Institute: District of Columbia
Year Established: 2019 Start Date: 2019-03-01 End Date: 2020-02-28
Total Federal Funds: $9,966 Total Non-Federal Funds: $13,644
Principal Investigators: Lei Wang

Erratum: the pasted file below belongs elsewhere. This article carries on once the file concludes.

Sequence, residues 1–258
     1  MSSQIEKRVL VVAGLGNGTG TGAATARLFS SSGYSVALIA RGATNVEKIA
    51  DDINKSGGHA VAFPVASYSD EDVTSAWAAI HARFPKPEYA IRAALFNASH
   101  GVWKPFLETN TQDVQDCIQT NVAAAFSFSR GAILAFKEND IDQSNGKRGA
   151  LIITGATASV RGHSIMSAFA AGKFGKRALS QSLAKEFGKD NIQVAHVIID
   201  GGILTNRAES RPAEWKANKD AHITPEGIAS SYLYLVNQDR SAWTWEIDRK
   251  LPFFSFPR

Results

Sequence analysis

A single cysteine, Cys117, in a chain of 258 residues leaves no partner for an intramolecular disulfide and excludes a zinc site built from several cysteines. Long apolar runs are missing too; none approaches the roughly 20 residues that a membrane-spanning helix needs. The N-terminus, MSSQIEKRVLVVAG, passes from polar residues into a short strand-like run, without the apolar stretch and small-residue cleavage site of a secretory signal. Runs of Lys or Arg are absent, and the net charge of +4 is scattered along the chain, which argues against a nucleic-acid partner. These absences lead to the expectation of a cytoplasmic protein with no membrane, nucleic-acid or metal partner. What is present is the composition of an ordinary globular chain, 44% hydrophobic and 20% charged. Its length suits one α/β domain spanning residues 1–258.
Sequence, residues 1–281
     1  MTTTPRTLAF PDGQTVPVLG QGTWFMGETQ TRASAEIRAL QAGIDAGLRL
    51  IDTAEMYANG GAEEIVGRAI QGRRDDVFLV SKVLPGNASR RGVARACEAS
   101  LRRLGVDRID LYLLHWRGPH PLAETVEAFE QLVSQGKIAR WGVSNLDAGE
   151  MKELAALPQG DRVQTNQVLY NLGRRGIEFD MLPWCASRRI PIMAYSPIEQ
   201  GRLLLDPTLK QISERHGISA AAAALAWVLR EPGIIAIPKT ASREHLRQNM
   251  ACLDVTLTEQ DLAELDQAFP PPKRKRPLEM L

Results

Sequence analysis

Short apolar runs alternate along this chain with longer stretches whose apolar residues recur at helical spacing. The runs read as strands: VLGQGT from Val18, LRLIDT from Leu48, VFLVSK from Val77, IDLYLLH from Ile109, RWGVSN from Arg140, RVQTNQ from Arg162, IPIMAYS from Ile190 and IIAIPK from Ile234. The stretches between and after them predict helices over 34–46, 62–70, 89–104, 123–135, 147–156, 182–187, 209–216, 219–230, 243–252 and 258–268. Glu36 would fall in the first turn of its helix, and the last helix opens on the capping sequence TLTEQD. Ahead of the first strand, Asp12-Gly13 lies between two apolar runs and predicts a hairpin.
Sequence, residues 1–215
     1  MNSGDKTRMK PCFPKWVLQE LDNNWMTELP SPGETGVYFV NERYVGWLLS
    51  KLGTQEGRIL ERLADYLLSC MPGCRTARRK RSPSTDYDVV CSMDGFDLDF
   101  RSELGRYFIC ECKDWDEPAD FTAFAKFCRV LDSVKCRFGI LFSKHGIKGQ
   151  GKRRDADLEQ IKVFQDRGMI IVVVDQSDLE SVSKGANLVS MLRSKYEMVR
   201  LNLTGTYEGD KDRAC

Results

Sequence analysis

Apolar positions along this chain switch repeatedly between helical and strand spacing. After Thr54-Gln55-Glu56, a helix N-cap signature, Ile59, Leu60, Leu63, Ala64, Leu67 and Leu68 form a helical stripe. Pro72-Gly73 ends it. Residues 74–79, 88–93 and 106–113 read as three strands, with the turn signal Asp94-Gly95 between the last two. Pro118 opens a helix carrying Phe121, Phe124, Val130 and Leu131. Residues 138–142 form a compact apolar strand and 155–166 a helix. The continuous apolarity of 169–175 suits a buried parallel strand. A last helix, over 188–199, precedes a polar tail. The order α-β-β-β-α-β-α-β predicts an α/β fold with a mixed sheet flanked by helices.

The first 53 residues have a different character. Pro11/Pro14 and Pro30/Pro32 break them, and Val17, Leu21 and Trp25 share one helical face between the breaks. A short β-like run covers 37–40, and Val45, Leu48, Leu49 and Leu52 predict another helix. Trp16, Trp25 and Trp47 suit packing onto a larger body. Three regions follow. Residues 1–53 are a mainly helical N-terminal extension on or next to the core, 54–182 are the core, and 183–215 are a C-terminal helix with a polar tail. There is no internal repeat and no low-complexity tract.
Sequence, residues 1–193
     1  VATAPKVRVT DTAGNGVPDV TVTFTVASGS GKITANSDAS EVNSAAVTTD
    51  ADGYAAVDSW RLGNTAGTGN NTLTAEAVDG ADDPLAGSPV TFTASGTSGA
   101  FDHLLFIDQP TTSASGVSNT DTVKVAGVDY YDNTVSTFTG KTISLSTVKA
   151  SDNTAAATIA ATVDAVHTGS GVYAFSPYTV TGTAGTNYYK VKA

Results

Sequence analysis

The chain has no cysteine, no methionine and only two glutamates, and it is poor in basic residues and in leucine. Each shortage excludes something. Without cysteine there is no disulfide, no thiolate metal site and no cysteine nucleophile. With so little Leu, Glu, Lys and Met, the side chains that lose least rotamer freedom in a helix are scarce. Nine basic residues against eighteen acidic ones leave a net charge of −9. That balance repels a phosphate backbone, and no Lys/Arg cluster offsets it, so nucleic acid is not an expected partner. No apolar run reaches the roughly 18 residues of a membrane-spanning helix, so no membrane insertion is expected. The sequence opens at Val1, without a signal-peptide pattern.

Abstract: In recent years, the nation has experienced a rapid increase in the number and magnitude of major hurricane hazards (e.g., Hurricanes Sandy, Harvey, Irma, Maria, Florence, and Michael), which cause flooding of many metropolitan areas and impose a tremendous risk to lives, society, and built environment. Levees are critical engineering infrastructure serving as a key flood prevention system of many flood-prone communities around the nation. The collapse of these structures can be catastrophic and cause significant loss of life and damage to properties and infrastructures, especially to the coastal and riverside cities such as Washington DC. It is crucially important for evaluating the safety of the levees for risk informed decisions to mitigate flood hazards. This research aims to develop a risk assessment methodology for levees in the face of flood hazards for Metropolitan DC. The specific objectives of this research are to: (1) Develop a numerical model for seepage and stability analysis of levees using the finite element method; (2) Formulate a risk assessment framework for levees in the face of flood hazards based on rigorous reliability and probabilistic methods, and (3) Demonstrate the effectiveness of the proposed framework for levee system in the District of Columbia. The developed risk assessment framework can enable a more informed decision making for the stakeholders (e.g., engineers, administrators, public officials, policy makers) considering the reliability of the levee infrastructure against flood hazards and the risk and consequence of damages to the community affected by levees. The proposed research is expected to have a significant impact to the water resources engineering field by providing an effective tool for risk assessment of critical water resource infrastructure in the District of Columbia. It can also promote the public awareness of risk and resilience of critical water resource infrastructure. This project is expected to provide an excellent opportunity for training undergraduate and graduate students at the University of the District of Columbia. Graduate student supported by this project has the chance to learn and develop advanced risk and reliability techniques for evaluating the effects of flood hazards on the urban levee infrastructure.